# Classical methods in crypytography

# Introduction

Looking back, the encryption methods concern the C (Confidentiality) in CIA.

The transmission and storage of confidential messages can be divided into two categories. This is shown in a graphic:

```
graph TD;
uvn[Übertragung und Speicherung von vertraulicher Nachrichten]-->Steganographie;
uvn[Übertragung und Speicherung von vertraulicher Nachrichten]-->Kryptographie;
Kryptographie-->Substitution;
Kryptographie-->Transposition;
Substitution-->cw["Codierung (Wörter ersetzen)"];
Substitution-->cb["Chiffrierung (Buchstaben ersetzen)"];
```

The **steganography** is the covered writing on a carrier. A third party is not aware that a message
is hidden on the carrier.

**Cryptography** concerns secret writing, so that a third party cannot interpret the message.
Cryptography can be further subdivided into substitution and transposition.

# Important principles of cryptography

- Kerckhoff’s principle: The security of the encryption process may only depend on the secrecy of the key, but not on the secrecy of the algorithm.
- Shannon’s principles:
- Confusion (shuffling): the ciphertext must resemble as closely as possible a random sequence. The statistical distribution in the plaintext should not be visible in the ciphertext.
- Diffusion: A change of a part of the plaintext or of the key should influence the entire ciphertext.

# Cryptography security

Cryptosystems are insecure if they can be cracked with less effort than with a brute force attack.

However, this definition can also be formulated more precisely. Ertel describes it as follows:

- The amount of money required to crack the encryption should exceed the value of the encrypted data.
- Furthermore, the time required to crack the encryption should be greater than the time the data must remain secret.
- The volume of data encrypted with a given key shall be smaller than the amount of data required to crack it.

To be able to determine the security, a cryptanalysis is performed. Several assumptions are made.

- Ciphertext-only analysis: Knows only cipher rate
- Known-Plaintex analysis: Knows certain plaintext-chiffrat pairs
- Choosen-Plaintext Analysis: Can choose plaintexts and analyze the resulting cipher
- Brute-Force: The attacker can try all keys.
- Attack on the secret keeper: The attacker obtains the key by force, blackmail or social engineering.

# Information theory

Information theory is concerned with theoretical problems that arise in the storage, encryption and transmission of information. Claude Shannon laid the foundation for it already in the year 1948.

The **information content** can be described also with the degree of surprise.
The smaller this is, the sooner the next character can be predicted.
The formula for this is: $$I_i (x_i) = -log_2(p_i)$$
where I_{i} = information content of the character i and p_{i} =
probability of occurrence of character i.

# Entropy

The definition of entropy in information theory also goes back to Shannon. In thermodynamics, as in
information theory, it is a measure of disorder. In information theory, the entropy of a string
gives the average information content of the characters and is measured accordingly in **bits per character**. If all characters in the string occur with the same frequently, the entropy is maximal.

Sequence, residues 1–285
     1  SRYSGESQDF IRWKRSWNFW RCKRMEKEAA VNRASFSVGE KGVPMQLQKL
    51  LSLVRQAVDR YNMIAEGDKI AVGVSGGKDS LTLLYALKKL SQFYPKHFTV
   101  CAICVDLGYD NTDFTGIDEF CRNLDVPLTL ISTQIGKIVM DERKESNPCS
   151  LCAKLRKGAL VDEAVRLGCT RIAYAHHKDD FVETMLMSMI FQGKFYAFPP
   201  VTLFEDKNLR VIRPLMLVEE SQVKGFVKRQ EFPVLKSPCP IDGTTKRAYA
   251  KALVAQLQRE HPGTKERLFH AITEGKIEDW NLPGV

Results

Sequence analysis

The difference between the effective and maximum entropy is the redundancy. In an alphabet (base64)
with 64 characters, a character has an information content of 6 bits. The maximum entropy of a
string is:

$$\sum_{i=0}^{n} (\frac{1}{64} * 6) = 64 * (\frac{1}{64} * 6) = 6 Bit/Zeichen$$

$$\sum_{i=0}^{n} (p_i * I_i)$$

or

$$\sum_{i=0}^{n} (p_i * -log_2(p_i))$$

Note that n = the number of characters in the alphabet, so there is a probability of occurrence for each character. The occurrence probability can of course also be 0.

Shannon calculated that the entropy for English texts, taking into account the single letter statistics, is 4.19 bits/character. If the consecutive letters and words are taken into account, the entropy is still 0.6 to 1.3 bits/character.

# Transposition method

- Garden fence cipher - the letters are written alternately in several lines. The resulting zigzag pattern is the plaintext and the individual lines are simply scrambled.
- Scytale of Sparta - A strip of paper is wrapped around a rod with edges. Now the message is written down line by line around the staff.

# Substitution method

- Caesar Code - Each letter is replaced by the nth letter. If n = 1 the A becomes B, at n = 2 the A becomes C. So there are 26 keys to try.
- Vigenère - As many alphabets are used as the key has characters. The plaintext letter determines the row and the key letter determines the column. The alphabet is written into the fields of this auxiliary table.
- One-Time-Pad - Is a Vigenère encryption with a key length = plaintext length.
- Enigma - Is a machine that was considered very secure for a long time.

The well-known encryption method AES (Advanced Encryption Standard) uses both transposition methods and substitution methods.

# References

- Wolfgang Ertel, “Angewandte Kryptographie”, 239 Seiten, ISBN 978-3-446-45468-2
- Bruce Schneier, “Applied Cryptography: Protocols, Algorithms, and Source Code in C, 2nd Edition”, 784 Seiten, ISBN 0-471-11709-9
- Simon Sing, “The Code Book, a history of codes and code breaking from Ancient Egypt to the Internet", https://simonsingh.net/The_Black_Chamber/index.html
- Dan Boneh and Victor Shoup, “A Graduate Course in Applied Cryptography”, https://toc.cryptobook.us/